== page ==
Same thing with the arguments of Paley and Co. You do not get from them – not one inch, not one degree of probability – to the God of classical theism, of Athanasius, Augustine, Anselm, and Aquinas, of the Creeds and councils of the Church, the “I am who am” of Exodus. What you get instead is something like the Ralph Richardson Supreme Being character from Time Bandits. Really really powerful? – no doubt about it. Super smart too – wouldn’t want to play Trivial Pursuit against him! A snappy dresser. But not God. Because a god apart from whom the world might in theory exist anyway – as a mechanical conception of nature entails – is not, cannot be, the God of classical theism. Nor can a god who is powerful and intelligent in just the way we are, only more so.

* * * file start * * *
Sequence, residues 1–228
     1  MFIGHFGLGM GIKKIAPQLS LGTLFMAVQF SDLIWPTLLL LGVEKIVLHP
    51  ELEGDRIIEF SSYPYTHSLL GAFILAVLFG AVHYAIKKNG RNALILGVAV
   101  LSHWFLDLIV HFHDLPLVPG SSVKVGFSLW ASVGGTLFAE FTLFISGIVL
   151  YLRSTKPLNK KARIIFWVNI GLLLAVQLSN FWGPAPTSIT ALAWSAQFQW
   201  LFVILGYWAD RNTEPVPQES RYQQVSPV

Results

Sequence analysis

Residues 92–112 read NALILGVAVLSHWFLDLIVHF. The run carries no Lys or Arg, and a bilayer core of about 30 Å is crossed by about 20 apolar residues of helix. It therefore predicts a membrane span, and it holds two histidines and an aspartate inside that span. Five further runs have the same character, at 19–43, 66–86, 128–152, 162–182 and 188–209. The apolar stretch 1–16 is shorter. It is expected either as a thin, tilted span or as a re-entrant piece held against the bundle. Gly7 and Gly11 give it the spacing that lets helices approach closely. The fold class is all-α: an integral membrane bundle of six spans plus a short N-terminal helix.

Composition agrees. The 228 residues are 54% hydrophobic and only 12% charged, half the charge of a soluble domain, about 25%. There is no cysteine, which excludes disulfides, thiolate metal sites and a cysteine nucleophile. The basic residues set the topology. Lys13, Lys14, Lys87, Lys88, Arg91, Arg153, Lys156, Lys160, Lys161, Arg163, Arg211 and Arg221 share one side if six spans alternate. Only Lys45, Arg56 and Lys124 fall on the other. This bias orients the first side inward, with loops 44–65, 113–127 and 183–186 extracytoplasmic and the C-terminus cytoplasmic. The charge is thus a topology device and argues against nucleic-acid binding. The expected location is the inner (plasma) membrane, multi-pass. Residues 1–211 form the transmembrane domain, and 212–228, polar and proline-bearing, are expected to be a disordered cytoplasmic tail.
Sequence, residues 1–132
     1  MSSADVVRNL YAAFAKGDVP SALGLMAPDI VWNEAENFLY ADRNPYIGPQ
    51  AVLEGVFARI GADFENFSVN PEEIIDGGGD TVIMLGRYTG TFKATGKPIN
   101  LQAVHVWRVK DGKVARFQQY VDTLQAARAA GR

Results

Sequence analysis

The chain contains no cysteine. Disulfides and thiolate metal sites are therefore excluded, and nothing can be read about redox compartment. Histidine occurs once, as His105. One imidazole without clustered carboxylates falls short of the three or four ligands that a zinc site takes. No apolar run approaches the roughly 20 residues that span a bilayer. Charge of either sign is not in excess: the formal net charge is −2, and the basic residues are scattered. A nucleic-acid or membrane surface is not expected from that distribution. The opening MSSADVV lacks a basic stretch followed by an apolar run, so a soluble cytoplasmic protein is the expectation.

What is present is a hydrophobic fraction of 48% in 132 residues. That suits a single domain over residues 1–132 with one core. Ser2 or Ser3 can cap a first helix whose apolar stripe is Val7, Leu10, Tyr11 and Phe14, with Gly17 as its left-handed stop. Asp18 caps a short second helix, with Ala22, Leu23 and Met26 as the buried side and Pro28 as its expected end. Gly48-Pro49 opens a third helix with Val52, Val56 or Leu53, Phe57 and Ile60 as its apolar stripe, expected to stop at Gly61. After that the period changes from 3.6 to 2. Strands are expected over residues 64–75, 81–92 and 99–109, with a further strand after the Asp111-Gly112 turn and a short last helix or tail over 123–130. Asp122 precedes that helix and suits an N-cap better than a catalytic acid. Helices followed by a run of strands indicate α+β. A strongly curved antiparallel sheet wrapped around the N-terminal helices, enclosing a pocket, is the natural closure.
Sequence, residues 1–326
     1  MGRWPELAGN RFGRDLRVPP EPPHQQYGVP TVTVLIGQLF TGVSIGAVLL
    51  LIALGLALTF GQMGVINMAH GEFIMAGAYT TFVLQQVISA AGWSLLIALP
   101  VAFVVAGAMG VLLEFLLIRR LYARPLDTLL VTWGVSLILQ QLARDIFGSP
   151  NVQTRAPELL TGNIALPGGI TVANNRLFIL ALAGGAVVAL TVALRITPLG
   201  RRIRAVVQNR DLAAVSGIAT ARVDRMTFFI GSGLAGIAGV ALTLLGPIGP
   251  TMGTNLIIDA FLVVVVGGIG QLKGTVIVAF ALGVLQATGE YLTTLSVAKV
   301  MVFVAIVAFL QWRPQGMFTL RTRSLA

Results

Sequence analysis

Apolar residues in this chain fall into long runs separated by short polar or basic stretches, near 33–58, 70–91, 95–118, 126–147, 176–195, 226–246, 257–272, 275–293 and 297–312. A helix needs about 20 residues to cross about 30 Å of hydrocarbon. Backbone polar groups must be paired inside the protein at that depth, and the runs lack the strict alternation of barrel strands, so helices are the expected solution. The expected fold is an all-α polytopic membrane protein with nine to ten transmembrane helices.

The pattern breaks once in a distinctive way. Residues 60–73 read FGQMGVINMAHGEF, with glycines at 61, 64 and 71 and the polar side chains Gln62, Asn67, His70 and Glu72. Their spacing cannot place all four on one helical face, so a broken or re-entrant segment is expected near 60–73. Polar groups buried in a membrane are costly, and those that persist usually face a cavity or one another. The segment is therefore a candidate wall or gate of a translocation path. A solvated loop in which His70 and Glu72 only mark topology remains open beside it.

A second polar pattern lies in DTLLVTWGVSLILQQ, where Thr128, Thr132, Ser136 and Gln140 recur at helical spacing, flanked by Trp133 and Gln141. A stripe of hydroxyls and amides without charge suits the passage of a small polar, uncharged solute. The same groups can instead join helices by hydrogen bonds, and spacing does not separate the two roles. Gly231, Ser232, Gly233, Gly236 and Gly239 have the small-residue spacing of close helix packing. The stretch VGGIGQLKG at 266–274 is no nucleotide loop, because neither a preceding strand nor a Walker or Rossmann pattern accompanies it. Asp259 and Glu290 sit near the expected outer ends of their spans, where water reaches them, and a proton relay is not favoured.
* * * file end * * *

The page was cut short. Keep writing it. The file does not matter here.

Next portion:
Or as the analytical Thomist philosopher Christopher F. J. Martin amusingly puts it in his very fine book Thomas Aquinas: God and Explanations:
The Being whose existence is revealed to us by the argument from design is not God but the Great Architect of the Deists and Freemasons, an impostor disguised as God, a stern, kindly, and immensely clever old English gentleman, equipped with apron, trowel, square and compasses. Blake has a famous picture of this figure to be seen on the walls of a thousand student bedrooms during the nineteen-seventies: the strong wind which is apparently blowing in the picture has blown away the apron, trowel and set-square but left him his beard and compasses. Ironies of history have meant that this picture of Blake’s is often taken to be a picture of God the Creator, while in fact Blake drew it as a picture of Urizen, a being who shares some of the attributes of the Great Architect and some of those of Satan.